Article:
In order to understand the point, one needs to know a bit more about “the psychology of Google result pages”.

    • people usually look no further than the results displayed on page 1
    • people believe that they receive good information via this technology – and they actually do !
    • people believe the “best” companies are  at the top of the list
    • Google has become the number 1 source for people to obtain information.

    Is SEM a powerful reputation management technique?

    SEM, both SEA and SEO, are valid reputation management techniques. As a matter of fact, companies should consider thinking about this aspect not only when dealing with so-called crisis communication.
    SEO: long-term reputation management?

    What if the first Google result page of your company’s brand name is entirely filled with webpages that you own or that you have relations with? Well, then you would control your reputation when people search for you. How to handle that? Well, just think on the following set-up: index your company (product) specific website in Google, make a Facebook page as well, set up a blog, deploy a twitter account, etc. You’ll note that after a while when people browse your company or product they see pages in Google that are managed by yourself. The reputation that develops in people’s minds is completely under your control.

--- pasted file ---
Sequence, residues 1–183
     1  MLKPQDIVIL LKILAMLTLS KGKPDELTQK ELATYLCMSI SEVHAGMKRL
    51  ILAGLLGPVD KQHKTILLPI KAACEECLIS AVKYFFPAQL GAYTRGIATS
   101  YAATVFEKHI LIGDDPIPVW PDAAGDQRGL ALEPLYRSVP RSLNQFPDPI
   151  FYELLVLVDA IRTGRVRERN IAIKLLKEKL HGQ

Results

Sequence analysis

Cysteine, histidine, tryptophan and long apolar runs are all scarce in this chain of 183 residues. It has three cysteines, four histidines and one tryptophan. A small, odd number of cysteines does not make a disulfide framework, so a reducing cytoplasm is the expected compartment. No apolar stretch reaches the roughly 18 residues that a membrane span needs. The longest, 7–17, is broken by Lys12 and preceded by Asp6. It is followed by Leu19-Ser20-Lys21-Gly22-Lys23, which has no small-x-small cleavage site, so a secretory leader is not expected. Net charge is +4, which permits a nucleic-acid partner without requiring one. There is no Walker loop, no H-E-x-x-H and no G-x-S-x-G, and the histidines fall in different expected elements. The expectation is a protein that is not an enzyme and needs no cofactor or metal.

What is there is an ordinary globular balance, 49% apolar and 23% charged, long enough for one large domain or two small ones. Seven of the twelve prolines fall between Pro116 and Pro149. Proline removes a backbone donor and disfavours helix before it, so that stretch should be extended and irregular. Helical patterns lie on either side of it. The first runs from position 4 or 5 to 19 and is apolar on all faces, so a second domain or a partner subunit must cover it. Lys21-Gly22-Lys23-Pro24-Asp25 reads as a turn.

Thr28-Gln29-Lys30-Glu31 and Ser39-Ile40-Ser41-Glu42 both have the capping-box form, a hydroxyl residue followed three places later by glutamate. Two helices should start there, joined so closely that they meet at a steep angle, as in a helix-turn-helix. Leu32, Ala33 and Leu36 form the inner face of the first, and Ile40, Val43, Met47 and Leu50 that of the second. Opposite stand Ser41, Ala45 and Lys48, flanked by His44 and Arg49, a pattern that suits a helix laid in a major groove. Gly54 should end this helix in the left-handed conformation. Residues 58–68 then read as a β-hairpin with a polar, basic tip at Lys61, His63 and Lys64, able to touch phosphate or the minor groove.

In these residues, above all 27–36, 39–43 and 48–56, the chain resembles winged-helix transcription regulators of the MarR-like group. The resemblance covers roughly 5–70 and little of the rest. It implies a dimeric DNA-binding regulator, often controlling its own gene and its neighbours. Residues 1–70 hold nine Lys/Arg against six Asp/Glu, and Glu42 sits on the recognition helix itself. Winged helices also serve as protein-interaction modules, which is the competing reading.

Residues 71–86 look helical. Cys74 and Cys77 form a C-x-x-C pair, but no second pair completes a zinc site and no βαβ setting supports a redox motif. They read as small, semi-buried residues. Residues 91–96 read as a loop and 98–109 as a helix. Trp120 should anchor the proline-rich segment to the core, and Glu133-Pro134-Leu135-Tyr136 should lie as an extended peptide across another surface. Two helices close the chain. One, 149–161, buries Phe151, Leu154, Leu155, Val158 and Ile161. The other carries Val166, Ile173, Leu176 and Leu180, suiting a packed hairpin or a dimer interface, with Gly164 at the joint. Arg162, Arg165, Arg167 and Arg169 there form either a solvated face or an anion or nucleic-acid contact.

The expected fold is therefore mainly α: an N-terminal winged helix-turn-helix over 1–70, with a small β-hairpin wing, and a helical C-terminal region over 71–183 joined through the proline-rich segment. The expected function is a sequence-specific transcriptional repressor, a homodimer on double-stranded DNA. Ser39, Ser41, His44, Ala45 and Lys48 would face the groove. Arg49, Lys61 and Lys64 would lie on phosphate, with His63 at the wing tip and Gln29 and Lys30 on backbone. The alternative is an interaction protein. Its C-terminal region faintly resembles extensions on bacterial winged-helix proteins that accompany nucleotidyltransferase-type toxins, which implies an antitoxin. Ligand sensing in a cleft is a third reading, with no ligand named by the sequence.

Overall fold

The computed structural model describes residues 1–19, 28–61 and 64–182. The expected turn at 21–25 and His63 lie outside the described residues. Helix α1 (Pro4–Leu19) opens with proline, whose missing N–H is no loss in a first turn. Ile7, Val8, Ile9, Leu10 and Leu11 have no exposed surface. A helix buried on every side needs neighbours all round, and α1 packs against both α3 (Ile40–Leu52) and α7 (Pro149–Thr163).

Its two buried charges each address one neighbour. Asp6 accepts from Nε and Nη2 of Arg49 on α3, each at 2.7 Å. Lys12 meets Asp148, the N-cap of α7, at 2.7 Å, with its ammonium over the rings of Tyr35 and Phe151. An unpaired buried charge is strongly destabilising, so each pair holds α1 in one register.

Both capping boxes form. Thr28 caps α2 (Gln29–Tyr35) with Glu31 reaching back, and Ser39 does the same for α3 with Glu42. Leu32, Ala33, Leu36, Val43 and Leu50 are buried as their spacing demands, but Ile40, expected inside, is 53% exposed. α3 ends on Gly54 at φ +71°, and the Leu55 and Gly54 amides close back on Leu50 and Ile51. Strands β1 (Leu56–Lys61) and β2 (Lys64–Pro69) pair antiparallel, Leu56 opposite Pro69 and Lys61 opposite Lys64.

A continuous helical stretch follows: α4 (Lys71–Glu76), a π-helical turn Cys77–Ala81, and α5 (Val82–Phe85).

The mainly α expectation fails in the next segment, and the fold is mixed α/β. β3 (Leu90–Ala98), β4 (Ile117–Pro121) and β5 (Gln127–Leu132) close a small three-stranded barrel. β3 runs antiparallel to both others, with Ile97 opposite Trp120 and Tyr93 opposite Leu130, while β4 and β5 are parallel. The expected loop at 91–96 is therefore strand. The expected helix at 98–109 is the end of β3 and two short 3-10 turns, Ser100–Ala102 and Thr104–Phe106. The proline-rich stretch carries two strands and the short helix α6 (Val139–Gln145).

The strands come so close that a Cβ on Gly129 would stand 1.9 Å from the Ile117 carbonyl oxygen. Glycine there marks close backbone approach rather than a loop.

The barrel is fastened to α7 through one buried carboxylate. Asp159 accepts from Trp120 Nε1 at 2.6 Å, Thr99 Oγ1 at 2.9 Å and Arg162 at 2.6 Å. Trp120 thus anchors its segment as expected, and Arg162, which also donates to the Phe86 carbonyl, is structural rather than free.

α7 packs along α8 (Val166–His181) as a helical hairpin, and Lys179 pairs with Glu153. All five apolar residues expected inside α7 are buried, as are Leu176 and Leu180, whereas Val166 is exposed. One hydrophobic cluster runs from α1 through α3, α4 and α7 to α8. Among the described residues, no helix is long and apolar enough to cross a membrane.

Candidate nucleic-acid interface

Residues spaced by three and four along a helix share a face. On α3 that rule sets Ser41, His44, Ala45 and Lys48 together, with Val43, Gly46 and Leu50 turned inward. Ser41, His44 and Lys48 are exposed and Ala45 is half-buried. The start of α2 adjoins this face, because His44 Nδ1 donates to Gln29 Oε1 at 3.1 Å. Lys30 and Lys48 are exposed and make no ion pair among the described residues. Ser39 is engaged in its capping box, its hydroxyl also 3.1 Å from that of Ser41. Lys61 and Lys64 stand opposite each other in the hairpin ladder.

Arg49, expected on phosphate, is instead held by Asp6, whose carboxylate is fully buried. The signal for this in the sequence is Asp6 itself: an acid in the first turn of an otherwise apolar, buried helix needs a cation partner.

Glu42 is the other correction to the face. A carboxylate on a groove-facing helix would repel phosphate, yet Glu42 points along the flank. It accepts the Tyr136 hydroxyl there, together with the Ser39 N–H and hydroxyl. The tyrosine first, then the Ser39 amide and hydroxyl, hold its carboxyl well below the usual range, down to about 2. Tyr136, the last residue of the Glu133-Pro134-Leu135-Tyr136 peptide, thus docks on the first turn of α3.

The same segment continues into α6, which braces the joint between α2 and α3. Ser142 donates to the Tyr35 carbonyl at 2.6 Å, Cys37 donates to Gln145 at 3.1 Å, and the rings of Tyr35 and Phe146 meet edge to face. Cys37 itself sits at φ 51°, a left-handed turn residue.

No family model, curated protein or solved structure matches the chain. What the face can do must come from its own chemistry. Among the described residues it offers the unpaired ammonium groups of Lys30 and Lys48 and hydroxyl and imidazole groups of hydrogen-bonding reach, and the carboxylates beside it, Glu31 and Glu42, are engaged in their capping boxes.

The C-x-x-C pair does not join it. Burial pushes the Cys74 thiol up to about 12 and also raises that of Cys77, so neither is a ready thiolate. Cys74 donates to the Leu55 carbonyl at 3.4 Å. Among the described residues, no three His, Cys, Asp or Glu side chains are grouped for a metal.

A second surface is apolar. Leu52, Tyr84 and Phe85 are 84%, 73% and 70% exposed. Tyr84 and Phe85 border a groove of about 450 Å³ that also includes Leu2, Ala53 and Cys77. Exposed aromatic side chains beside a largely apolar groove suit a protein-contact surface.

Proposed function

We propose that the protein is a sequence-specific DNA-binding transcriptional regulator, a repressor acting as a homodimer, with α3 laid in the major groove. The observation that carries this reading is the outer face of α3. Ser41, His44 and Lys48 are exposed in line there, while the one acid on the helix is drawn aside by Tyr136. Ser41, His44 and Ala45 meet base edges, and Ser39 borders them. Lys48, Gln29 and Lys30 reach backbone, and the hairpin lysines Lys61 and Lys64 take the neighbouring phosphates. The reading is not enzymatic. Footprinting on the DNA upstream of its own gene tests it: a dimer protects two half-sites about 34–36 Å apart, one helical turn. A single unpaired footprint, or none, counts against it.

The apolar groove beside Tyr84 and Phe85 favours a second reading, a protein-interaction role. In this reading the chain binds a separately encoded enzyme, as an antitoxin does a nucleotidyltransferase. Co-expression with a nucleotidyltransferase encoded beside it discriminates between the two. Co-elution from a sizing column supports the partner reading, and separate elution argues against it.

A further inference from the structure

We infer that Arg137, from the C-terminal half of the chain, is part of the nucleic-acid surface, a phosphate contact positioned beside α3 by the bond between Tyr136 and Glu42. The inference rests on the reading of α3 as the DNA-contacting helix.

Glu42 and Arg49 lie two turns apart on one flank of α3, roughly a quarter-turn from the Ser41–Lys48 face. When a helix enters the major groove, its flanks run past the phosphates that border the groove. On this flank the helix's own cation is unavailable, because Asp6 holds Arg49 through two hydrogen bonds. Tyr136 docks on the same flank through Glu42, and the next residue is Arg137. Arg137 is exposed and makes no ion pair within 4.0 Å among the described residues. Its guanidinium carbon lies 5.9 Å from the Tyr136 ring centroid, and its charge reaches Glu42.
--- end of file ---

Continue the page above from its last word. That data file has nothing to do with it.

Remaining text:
Why BP ran an SEA campaign

    As stated above, SEA is a means to appear in the listing with a finger flick while SEO takes time to have impact. For this reason BP had to run an SEA campaign on the keywords ‘Oil Spill’. Is it wrong to do so? Actually no, it’s not because they paid for inclusion that it is immoral to do so. As a matter of fact, nobody would have questioned BP buying a newspaper page in order to put an ad for e.g. apologies about the oil spill (they might even have done so).